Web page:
Cougars, cod and bass: Genomics lab digs into species research

One of the newest and most advanced labs in the province is well on its way to solving some of New Brunswick's biological mysteries.

New Brunswick's latest genomics lab is involved with a variety of research projects

The Canadian Rivers Institute Genomics Laboratory in Saint John, has been working on several research projects that could have large impacts on provincial industries. (Shane Fowler/CBC)

One of the province's most advanced laboratories is well on its way to solving some of New Brunswick's biological mysteries about species ranging from cod and bass to cougars. 

Within a year of opening, the Canadian Rivers Institute Genomics Laboratory at the University of New Brunswick in Saint John, has started working on discovering the answer to provincial issues. 

"It's the first lab to have this compliment of equipment and people that is geared for the most cutting-edge genomics that's coming out right now," said Scott Pavey, the director of the genomics lab.

"It allows New Brunswick to really attract these great scientists."

The majority of its research focuses on fish, with ongoing projects surrounding several species, including cod and the possibility of population rebound. 

Scott Pavey, the head of the Canadian Rivers Institute Genomics Laboratory, said the facility is able to offer cutting-edge technology to some of the best scientists working in genetics and genomics. (Shane Fowler/CBC)

Greg Puncher, a postdoctoral scholar working on several projects in the lab, said this is important research for Canada.

"We didn't do so well in the '90s and the Atlantic cod suffered a very disturbing collapse," Puncher said.

"But now is a great time for research and for fisheries management because it appears they are recovering in some areas."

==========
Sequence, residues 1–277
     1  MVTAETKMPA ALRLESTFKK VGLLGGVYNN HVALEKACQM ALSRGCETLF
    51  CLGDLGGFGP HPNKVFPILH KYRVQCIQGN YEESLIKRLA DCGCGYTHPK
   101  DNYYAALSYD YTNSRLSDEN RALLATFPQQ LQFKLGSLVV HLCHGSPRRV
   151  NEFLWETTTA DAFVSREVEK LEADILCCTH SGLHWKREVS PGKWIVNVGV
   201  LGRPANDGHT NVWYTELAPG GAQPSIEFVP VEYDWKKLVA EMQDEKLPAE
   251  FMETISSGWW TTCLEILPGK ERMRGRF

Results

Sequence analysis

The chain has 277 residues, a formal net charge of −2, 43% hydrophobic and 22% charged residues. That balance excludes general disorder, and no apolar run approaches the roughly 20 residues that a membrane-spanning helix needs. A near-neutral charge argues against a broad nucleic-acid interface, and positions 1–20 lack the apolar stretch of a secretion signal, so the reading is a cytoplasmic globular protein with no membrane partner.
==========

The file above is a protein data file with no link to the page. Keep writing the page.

Gregory Puncher, a postdoctoral scholar at the laboratory, is working on researching the possibility of a cod rebound. (Shane Fowler/CBC)
By comparing the genome of these fish to other populations, Puncher is able to extrapolate the origin of the rebounding fish.  

"We are really focused on looking at where the cod are coming from, which populations are doing well and which populations are recovering," said Puncher. 

"We look for tiny little indicators in the genetics or the DNA of cod. That will give us insights into the relatedness of different groups of cod." 

Studying striped bass

Faith Penny, a PhD student, has been researching how different environments affect striped-bass. (Shane Fowler/CBC)
The striped bass is another species being examined in the new lab. 

Faith Penny, a PhD student and technician with the lab, is examining the "gene expression changes" in the fish and how that affects them.

"This can tell us a lot for the animal when it comes to recreation, but also industry as well," Penny said.

Penny has worked with Pavey for a year and jokes that while she's always trying to get away from the facility its advances keep her rooted in Saint John. 

"With the equipment, the technology and the expertise in this lab it allows us to look at the genome and process a lot of different samples," said Penny.

"That really sets us apart." 

Analyzing cougar samples

The laboratory has been processing several samples of hair and stool for potential cougar DNA. (Kirk Pennell/CBC)
Researchers are also working on examining the genetics of animals on land.

For more than a decade, hair and scat samples have been collected by those who believe to have encountered cougars within the province.

Those samples had to be sent to a lab in Montreal, as there weren't any facilities able to examine them in New Brunswick.

Since the opening of the UNB lab, those samples have been returned to the province and processed by Pavey's team. 

"Genomics is the main emphasis, but we also take other opportunities as they come up," said Pavey.

"This is something we've been delighted to get to work on." 

Keeping up with advanced labs

With its latest technology, the UNB laboratory is able to keep up with more advanced laboratories across the country.   

"We are set up to take advantage of some of the very recent technological advances in genomics, which produces exponentially large amounts of data," said Pavey.

"But it becomes quite difficult to manage the data. So about half of my equipment grant actually went towards an extremely large computer, which we use for bioinformatics." 

About the Author

Shane Fowler

Reporter

Shane Fowler has been a CBC journalist based in Fredericton since 2013.